Immerse yourself in the delightful world of boiled plantains, an easy and healthy preparation that brings out the best of this popular and versatile fruit. Plantains, a staple in many global cuisines, boast a starchy and subtly sweet flavor that sets them apart from their more familiar counterpart, the banana—often enjoyed as a side dish, boiled green and ripe plantains offer unique textures and flavors that complement a wide array of sweet and savory dishes.
Boiling plantains is a simple and healthier way to prepare them— it reduces the need for added fats during cooking. This blog post will delve into boiled green and sweet plantains’ simplicity, taste, and health benefits, celebrating their esteemed place in culinary traditions worldwide.
Table of Contents
The Basics of Boiling Plantains
The Basics of Boiling Plantains Boiling plantains is a breeze!
To start, you’ll need the following:
- Green or ripe plantains
- A pot of water
- A cutting board
- A knife
- A fork or slotted spoon
To boil plantains, follow these simple steps:
- Rinse the plantains and cut off the ends.
- Make a shallow slit along the length of each plantain and remove the peel. Tip! To remove the peel easily, run the plantain under hot water, or put it in a bowl full of hot water before peeling.
- Cut the peeled plantains into your desired shape and size. Smaller pieces will cook faster.
- Fill enough water to cover the plantains and add them to the pot.
- Cook until tender, about 10-20 minutes, depending on their size and ripeness. Note: test the plantain with a fork.
- Drain the plantains and serve them hot or at room temperature.
Boiled Plantains And Flavorful Variations
Now that you’ve got the basics down, let’s explore some delicious variations on boiled plantains:
Garlic and Herb Plantains: After boiling green plantains, toss them with minced garlic, fresh chopped herbs (such as cilantro, parsley, or basil), and a drizzle of olive oil—season with salt and pepper to taste.
Sweet Cinnamon Plantains: For a sweet treat, boil ripe plantains and then toss them in a mixture of melted butter, cinnamon, and a touch of brown sugar. This combination is perfect for dessert or a sweet breakfast side dish.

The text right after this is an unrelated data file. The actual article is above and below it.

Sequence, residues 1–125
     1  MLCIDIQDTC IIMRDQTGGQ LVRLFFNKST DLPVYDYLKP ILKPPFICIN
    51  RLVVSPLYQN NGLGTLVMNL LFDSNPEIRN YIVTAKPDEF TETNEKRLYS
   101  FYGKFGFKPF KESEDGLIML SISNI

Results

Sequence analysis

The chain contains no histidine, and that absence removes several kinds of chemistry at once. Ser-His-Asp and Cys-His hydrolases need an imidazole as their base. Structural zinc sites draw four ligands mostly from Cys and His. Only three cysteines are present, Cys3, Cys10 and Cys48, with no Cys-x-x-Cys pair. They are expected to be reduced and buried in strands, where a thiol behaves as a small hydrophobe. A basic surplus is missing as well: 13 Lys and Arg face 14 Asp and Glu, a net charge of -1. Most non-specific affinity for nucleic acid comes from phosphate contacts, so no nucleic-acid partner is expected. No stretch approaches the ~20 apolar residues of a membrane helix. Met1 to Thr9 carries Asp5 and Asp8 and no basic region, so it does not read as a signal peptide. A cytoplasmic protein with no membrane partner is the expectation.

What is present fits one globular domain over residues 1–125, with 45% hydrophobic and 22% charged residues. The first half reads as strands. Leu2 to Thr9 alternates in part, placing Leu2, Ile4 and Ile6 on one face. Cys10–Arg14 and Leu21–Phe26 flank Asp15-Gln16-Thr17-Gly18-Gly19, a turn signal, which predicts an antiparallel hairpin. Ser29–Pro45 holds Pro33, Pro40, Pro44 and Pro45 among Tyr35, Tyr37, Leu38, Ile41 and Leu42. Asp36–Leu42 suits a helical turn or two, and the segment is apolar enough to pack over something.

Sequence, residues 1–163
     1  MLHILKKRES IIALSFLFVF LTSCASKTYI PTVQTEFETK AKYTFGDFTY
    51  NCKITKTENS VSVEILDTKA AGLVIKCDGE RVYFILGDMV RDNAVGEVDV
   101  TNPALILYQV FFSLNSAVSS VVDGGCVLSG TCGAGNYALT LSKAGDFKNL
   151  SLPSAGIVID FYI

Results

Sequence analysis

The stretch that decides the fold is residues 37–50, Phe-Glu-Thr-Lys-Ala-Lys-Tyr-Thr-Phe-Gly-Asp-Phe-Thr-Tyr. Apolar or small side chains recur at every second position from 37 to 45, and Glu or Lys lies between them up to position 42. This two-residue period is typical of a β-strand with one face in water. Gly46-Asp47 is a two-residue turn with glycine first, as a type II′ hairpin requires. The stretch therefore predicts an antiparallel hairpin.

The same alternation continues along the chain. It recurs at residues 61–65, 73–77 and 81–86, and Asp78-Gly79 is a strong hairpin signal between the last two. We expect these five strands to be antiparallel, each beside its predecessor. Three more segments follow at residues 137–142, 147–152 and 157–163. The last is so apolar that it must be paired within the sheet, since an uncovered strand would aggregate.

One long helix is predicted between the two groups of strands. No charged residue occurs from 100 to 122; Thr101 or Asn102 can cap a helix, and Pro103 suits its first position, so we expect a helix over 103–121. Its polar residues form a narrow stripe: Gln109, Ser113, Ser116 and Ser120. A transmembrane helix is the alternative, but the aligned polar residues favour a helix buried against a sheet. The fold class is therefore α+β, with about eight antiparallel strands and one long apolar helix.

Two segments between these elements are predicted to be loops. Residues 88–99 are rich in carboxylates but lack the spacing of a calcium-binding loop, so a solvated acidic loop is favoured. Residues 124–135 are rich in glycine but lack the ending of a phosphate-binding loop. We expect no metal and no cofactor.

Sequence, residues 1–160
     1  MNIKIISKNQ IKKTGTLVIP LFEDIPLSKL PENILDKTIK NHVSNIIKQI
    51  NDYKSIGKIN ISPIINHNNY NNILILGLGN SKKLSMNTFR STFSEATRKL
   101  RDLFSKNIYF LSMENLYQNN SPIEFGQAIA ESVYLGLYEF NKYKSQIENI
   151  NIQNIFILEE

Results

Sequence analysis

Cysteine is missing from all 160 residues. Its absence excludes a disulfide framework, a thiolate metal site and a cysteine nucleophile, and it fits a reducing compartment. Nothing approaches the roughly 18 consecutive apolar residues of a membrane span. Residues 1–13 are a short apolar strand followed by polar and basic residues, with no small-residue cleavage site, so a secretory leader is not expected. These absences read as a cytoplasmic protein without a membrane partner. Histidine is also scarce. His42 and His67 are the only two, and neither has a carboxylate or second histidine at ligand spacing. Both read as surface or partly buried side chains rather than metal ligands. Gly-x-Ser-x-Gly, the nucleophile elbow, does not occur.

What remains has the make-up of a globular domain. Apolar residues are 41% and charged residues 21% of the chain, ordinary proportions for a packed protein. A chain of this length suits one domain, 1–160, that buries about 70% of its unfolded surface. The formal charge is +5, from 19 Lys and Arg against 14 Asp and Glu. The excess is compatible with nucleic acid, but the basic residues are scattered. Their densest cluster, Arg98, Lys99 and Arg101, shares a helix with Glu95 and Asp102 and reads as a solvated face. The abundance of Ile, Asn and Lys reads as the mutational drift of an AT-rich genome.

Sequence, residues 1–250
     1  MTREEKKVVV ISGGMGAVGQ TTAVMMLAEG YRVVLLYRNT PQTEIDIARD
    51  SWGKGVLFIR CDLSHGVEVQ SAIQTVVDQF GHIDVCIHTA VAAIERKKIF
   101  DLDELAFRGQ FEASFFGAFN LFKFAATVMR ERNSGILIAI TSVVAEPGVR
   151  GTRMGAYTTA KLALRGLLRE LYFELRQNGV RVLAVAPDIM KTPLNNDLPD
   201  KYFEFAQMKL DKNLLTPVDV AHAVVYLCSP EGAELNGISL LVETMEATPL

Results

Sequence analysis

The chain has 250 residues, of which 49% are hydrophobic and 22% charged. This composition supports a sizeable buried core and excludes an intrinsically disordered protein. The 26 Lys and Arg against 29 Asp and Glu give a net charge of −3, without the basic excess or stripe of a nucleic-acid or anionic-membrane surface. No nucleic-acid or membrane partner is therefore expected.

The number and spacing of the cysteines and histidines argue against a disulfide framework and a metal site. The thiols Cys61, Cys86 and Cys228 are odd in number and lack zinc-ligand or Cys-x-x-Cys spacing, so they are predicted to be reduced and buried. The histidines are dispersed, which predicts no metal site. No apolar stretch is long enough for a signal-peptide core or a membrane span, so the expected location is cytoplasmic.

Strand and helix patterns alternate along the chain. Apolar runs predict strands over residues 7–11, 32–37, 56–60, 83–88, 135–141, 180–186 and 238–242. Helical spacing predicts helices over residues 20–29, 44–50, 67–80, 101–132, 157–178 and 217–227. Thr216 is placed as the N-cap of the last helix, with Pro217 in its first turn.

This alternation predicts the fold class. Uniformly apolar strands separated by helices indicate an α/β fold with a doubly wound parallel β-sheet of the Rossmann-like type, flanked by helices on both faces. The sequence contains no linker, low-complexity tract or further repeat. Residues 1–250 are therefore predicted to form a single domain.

Spicy Plantains: Add a kick to your boiled plantains by tossing them in a mixture of your favorite hot sauce, lime juice, and a pinch of salt. This spicy variation pairs well with grilled meats and seafood.
Plantain Mash: Mash-boiled plantains and mix with butter and salt for a delicious Dominican mangu, then topped with pickled onions.
If you’re in the mood for a crispy plantain recipe, try air fryer plantains con hogao or plantain fritters, also known as arañitas de platanos.
Tips for Choosing and Storing Plantains
To ensure you get the best-tasting boiled plantains, follow these tips for selecting and storing the fruit:
- Choose plantains that are firm and free of blemishes or soft spots. Green plantains should be bright green, while ripe plantains should be yellow with black spots or darker brown.
- Store plantains at room temperature, away from direct sunlight. They will continue to ripen over time, so if you want to slow down the ripening process, place them in the refrigerator.
- Place plantains in a paper bag to speed up the plantain ripening process.
- To peel plantains easily, cut off the ends and then make a shallow slit along the length of the fruit. Use your fingers or a knife to gently pry the peel away from the flesh.
- What is the difference between boiled green plantains and boiled sweet plantains? Green plantains are unripe and have a starchy, less sweet taste, making them suitable for savory dishes. Boiled sweet plantains, on the other hand, are ripe and have a soft, sweet taste, which makes them perfect for desserts or sweet side dishes.
- How can I tell if my boiled plantains are done? Boiled plantains are done when tender and easily pierced with a fork. Cooking times may vary depending on the size of the plantain pieces and their ripeness.
- Can I freeze boiled plantains for later use? Yes, you can freeze boiled plantains. After cooling, place them in an airtight container or a freezer-safe plastic bag, and store them in the freezer for up to three months. To reheat, simply place them in a pot of boiling water for a few minutes or microwave them until heated through.
- Are plantains healthy? Plantains are a good source of vitamins A, C, and B6, as well as potassium and dietary fiber. They are low in fat and sodium, making them a healthy option for various diets.
- 1 Small Pot
- 1 Cutting Board
- 1 Chef Knife
- 1 Fork
- 1 Green or Ripe Plantain
- 2 cups Filtered Water Enough to cover the plantain
- 1 Pinch Salt Based on preference.
- Step OneRinse the plantains and cut off the ends.
- Step TwoMake a shallow slit along the length of each plantain and remove the peel. Tip! To remove the peel easily, run the plantain under hot water, or put it in a bowl full of hot water before peeling
- Step ThreeCut the peeled plantains into your desired shape and size. Smaller pieces will cook faster.
- Step FourFill enough water to cover the plantains and add them to the pot.Cook until tender, about 10-20 minutes, depending on their size and ripeness. Note: test the plantain with a fork
- Step FiveDrain the plantains and serve them hot or at room temperature.
4 responses to “How to Prepare Tasty Boiled Plantains at Home”
This was so easy. I’m eating less fried and more low-fat foods. I made this with a slightly ripe plantain and it was delicious.
Tasty and no oil!